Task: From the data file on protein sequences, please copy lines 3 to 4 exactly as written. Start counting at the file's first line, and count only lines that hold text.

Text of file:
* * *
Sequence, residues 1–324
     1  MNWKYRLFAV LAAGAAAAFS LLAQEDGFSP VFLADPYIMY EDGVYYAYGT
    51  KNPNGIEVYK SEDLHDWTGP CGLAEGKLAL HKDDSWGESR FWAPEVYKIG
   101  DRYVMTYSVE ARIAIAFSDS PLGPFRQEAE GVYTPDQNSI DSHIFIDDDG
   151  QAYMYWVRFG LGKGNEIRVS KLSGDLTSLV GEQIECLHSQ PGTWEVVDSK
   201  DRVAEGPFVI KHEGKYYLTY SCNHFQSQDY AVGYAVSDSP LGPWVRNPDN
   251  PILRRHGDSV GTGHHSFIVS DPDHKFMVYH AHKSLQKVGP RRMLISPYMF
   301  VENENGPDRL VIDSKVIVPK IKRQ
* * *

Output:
    51  KNPNGIEVYK SEDLHDWTGP CGLAEGKLAL HKDDSWGESR FWAPEVYKIG
   101  DRYVMTYSVE ARIAIAFSDS PLGPFRQEAE GVYTPDQNSI DSHIFIDDDG